In Ubangi Shari there was unequivocal opinion within the Ubangian Socialist Action Party that its leader Julius Limbani should become a President of a new Republic with no Dutch overlord. Partly the independence fever was infectious following the civil war and partly it was hopeful thinking that if independence was granted the coup plotters would never return and civil war would never happen again to blight their lives. The European members in the second college of the Chamber of Commerce list despaired but could not bring forward a respectable list of unity candidates that could offer what the people wanted (i.e. an African leading an African nation). The feel-good factor by reconstruction (still slow but ongoing) was also rejecting the early calls for uniting with Kongo, politically and culturally different there was never enough common ground to make the proposition workable. The Kongolese politicians were also relieved and sent their lists to Der Hague for comment and all three sides agreed to send envoys and meet in Amsterdam in a month’s time to discuss an agreement everyone could back.

3

Monday, April 17th 2017, 10:18pm

Speaking OOC of course,

Quoted

… The existence of the Germanic influence remaining in the Kongolese political elite offered little hope given the Germans had gone firmly towards a Republic.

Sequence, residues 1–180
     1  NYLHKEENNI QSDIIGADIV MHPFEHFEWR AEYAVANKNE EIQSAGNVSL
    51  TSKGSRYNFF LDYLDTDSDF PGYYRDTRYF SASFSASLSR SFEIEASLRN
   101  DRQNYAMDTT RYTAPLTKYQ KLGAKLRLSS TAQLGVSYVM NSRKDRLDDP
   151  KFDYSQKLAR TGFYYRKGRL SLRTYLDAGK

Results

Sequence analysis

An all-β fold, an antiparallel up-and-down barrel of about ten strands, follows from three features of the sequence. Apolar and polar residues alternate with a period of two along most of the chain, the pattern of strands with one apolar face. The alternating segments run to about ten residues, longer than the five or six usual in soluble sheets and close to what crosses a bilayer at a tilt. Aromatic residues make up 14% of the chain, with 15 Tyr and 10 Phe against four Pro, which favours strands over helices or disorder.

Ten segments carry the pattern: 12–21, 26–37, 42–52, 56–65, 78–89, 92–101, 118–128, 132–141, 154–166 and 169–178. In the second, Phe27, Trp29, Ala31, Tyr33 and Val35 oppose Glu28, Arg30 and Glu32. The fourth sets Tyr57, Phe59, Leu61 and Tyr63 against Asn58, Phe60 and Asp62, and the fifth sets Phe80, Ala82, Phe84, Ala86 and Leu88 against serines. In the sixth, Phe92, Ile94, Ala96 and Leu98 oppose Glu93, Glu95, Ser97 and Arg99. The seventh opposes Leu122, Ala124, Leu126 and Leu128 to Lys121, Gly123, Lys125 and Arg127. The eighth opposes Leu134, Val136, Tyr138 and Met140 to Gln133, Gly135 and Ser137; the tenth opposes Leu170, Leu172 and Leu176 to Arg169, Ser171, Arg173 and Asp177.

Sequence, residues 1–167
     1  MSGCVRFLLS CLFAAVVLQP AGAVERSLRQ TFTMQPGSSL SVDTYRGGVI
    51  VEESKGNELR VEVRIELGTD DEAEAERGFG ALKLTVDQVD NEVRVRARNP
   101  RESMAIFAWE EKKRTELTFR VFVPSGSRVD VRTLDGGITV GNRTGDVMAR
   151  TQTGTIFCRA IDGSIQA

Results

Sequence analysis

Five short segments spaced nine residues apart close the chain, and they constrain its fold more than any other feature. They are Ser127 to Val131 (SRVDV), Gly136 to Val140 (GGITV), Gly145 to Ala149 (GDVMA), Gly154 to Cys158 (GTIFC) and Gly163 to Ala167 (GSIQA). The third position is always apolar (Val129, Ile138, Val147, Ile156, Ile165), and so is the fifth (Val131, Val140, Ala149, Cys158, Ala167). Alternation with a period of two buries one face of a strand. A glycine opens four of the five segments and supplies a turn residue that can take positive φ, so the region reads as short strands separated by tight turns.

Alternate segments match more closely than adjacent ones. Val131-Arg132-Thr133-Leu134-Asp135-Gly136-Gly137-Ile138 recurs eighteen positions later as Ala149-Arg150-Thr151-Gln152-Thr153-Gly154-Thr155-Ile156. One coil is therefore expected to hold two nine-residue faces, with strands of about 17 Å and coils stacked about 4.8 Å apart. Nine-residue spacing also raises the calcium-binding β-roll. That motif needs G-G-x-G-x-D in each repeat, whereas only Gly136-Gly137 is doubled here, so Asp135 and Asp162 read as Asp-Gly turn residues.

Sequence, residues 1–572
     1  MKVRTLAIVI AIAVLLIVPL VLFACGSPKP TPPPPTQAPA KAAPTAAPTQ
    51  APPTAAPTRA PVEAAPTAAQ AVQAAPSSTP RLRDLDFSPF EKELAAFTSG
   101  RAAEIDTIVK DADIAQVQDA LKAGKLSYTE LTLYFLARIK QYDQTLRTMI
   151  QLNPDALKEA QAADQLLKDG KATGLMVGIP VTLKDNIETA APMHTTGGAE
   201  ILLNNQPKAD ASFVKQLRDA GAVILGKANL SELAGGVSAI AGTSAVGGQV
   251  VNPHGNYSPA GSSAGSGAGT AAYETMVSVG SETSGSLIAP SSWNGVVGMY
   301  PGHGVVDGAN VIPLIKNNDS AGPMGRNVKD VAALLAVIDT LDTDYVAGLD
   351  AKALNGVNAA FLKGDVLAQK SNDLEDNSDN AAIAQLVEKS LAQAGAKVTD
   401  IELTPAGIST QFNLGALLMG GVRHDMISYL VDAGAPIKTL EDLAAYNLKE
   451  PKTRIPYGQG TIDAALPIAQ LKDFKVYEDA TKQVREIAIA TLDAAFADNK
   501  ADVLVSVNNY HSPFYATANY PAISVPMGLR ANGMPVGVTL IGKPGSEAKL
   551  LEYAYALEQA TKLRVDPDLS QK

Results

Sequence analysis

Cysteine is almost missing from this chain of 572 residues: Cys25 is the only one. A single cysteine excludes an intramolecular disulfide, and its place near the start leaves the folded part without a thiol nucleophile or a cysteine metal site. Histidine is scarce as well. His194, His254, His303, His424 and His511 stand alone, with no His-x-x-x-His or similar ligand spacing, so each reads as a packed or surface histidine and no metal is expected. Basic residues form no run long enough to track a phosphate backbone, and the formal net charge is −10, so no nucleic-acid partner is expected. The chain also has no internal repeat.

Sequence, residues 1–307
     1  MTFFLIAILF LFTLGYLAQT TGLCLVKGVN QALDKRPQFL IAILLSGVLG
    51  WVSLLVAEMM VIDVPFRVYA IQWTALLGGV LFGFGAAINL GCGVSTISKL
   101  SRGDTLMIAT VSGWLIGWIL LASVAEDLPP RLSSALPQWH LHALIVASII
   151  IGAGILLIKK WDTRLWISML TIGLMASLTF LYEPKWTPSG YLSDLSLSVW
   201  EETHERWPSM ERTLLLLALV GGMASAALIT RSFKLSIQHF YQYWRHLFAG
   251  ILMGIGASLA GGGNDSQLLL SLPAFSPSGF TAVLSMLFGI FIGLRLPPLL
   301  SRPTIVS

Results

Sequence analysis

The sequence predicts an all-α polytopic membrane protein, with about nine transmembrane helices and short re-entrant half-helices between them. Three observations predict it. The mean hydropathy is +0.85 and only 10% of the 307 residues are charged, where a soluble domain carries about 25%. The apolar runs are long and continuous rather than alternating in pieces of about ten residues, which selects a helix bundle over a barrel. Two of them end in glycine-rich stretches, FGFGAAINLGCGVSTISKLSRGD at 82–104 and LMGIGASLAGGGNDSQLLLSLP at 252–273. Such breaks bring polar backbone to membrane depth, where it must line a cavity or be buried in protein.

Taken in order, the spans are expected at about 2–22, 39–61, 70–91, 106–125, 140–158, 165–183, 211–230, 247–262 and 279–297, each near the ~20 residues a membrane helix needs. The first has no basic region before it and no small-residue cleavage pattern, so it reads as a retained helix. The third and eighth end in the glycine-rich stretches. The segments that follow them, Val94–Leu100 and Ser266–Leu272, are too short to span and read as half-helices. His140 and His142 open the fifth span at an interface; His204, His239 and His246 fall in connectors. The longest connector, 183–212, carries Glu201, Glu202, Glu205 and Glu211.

I am not entirely certain of the meaning of this statement, and the following is probably not relevant to the Kongo situation, but while the Reich operates as a parliamentary democracy with an elected president as head of state, the old German (and Austrian) nobility, is alive, well, and able to play an active role in Germany’s political life. Otto von Hapsburg is but one example.

Friedrich Christian, Margrave of Meissen, head of the House of Wettin, and pretender to the titular Kingdom of Saxony, is but in his middle 50s, with legitimate issue. He is also pretender to the titular Kingdom of Poland (IIRC Marek made Poland an elective monarchy and killed off the last king shortly before he departed, so this could be a story line – but I’ve chosen not to go there).